REVIEW: DC UNIVERSE CLASSICS LEGION OF SUPER-HEROES SUPERBOY
As I've related in some of my previous Legion reviews, I've been a longtime fan of DC Comics' legendary LEGION OF SUPER-HEROES, like since the late 1960's. Granted, the comics have had their ups and downs -- and even a few sideways -- but I've always been a fan of the basic concept and characters.
However, the Legion has never really had a major presence in the action figure world. I've tended to believe that one of the reasons for this is because, hailing as they did from a thousand years in the future, despite the periodic presence of Superboy and Supergirl, they were always somewhat isolated from the present-day DC Universe. Mego never did anything with them. Neither did Kenner or Hasbro. There was a line of them from DC Direct, but it wasn't really one of their high points, and the figures were in their very original costumes, which weren't my personal favorites.
A while back, there was a special Justice League Unlimited four-pack featuring the Legion, but that seemed to be about it. Until, at the 2010 San Diego Comic-Con, Mattel announced that the Legion of Super-Heroes would be joining the line-up in their flagship line -- DC UNIVERSE CLASSICS. As if there hadn't been tons of campaigning on the part of Legion fans for this to happen.
It would be, explained Mattel, a very special set. Not a two-pack, not a three-pack, not a five-pack. No -- it would be a TWELVE-pack. And even at that, the speculation as to who would be included from a membership that over the years had consisted of several dozen characters ran wild for some time until Mattel introduced the line-up.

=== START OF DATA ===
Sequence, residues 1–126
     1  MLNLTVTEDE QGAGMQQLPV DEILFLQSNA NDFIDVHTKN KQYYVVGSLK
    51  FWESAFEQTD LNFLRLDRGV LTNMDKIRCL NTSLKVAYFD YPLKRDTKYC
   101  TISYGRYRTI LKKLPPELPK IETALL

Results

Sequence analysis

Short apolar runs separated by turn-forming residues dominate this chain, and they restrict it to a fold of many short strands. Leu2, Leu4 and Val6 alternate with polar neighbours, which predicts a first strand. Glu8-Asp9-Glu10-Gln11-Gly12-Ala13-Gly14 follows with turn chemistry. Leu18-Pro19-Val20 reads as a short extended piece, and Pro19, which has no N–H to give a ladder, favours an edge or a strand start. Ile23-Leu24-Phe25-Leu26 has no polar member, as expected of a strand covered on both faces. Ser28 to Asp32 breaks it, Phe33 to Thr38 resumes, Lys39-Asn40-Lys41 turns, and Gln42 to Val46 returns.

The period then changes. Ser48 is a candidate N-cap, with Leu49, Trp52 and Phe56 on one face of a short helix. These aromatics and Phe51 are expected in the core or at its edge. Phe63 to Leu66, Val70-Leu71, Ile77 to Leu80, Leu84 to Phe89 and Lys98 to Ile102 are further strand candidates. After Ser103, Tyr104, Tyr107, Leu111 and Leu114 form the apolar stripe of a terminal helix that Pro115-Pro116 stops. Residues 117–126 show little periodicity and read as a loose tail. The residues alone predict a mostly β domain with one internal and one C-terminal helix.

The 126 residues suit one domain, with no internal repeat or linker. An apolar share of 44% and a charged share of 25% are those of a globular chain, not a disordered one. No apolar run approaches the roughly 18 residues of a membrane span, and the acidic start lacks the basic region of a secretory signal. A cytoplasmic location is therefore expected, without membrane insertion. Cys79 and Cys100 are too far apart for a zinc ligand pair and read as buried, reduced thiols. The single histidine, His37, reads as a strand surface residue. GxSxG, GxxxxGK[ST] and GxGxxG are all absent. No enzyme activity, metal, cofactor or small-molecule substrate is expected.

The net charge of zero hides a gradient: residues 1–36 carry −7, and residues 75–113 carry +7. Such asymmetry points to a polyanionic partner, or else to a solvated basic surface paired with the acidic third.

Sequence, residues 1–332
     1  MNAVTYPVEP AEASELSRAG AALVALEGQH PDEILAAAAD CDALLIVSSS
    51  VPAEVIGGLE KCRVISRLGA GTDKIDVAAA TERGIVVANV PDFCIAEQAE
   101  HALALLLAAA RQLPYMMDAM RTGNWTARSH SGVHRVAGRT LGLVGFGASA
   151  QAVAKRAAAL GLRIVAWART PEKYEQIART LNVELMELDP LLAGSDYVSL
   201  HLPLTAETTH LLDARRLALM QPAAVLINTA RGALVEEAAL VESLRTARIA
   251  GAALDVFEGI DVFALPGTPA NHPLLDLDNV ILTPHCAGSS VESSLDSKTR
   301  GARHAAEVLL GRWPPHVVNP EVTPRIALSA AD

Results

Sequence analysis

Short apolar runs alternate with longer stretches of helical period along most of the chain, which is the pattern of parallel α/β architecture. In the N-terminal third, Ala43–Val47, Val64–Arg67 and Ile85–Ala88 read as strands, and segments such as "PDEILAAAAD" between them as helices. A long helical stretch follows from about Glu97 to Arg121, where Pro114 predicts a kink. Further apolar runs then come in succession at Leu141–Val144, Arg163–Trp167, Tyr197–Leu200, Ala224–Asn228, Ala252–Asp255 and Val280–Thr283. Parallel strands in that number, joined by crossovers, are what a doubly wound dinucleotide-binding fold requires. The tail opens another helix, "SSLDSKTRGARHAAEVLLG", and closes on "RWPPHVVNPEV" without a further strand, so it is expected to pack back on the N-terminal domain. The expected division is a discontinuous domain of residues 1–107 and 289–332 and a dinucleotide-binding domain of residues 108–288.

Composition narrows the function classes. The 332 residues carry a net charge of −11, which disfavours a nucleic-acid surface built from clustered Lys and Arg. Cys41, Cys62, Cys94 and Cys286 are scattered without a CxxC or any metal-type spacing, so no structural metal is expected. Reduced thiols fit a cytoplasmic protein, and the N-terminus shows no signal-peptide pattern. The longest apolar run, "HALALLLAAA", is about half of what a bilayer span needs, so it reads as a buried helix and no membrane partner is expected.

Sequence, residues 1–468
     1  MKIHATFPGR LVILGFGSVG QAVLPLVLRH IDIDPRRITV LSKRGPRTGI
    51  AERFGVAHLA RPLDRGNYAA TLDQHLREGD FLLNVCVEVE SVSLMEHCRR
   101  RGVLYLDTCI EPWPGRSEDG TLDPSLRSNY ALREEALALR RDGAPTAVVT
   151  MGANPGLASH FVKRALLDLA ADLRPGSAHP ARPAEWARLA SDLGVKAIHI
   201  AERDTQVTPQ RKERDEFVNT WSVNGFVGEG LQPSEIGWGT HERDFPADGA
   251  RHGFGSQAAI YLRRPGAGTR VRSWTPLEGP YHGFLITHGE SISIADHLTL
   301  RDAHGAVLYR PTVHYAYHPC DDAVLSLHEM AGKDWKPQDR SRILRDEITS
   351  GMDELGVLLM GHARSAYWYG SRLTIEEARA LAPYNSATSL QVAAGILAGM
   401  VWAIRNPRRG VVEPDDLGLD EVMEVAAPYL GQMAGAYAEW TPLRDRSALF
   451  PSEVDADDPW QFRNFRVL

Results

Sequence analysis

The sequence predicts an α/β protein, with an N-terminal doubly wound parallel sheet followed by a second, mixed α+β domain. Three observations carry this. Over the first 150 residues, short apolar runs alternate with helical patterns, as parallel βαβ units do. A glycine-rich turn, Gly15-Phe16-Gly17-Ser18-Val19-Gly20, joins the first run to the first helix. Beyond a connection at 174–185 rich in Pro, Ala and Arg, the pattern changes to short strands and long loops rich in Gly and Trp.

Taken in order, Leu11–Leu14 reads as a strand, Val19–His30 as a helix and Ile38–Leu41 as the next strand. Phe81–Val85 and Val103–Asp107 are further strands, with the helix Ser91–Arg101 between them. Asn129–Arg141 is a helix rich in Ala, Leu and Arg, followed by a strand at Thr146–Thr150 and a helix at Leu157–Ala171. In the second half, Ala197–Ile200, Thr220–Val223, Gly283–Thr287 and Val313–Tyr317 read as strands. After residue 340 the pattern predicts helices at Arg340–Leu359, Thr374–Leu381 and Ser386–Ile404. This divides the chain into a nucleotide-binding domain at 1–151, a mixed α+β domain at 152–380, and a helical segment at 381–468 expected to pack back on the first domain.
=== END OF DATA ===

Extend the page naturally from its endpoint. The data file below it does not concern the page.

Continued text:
The final dozen would include Lightning Lad, Cosmic Boy, and Saturn Girl -- the three founders of the team; Superboy, mostly so Mattel could turn out a classic Superboy figure; Brainiac 5, one of the most popular non-founding members; joined by Ultra Boy, Wildfire, Timber Wolf, Colossal Boy, Karate Kid, Chameleon Boy, and Matter-Eater Lad, in part for a little comic relief there at the end. The set also includes a figure of Proty, a semi-sentient protoplasm pet once belonging to Chameleon Boy, and a Legion flight ring.
I knew even before Mattel announced the line-up that this was a set I had to have, but then they had to go and include some of my most favorite characters. The set, after a few delays, was finally released in October 2010, as an exclusive to MattyCollector.Com.
The package is superb. It is a seven-sided stylized version of the Legion's original headquaters, a yellow rocket-like building with red fins at the top. The twelve figures are displayed within in what are designed to look like teleportation tubes, two to a section. The central section features the far larger Colossal Boy figure, and a smaller space for Proty and the ring. This does leave one empty space among the other six sections, however. This has been labeled for Legion member Invisible Kid. Little joke on Mattel's part...
Now -- there is no way that I can fairly review the entire set in one review and maintain my usual style of presenting a decent amount of backstory on the given character before reviewing the specific figure. Not without this review running the length of a doctoral thesis. And I'm not going to compromise my usual style by shortening this to a brief look at each figure and leaving it at that. There will be other such reviews elsewhere on the Internet, I'm sure.
As such, I am going to give each Legionnaire an individual review. I feel that to do less would be to do an injustice to this very cool concept, and this extremely cool set of figures. This review will take a look at SUPERBOY. But first, an overview of the Legion itself.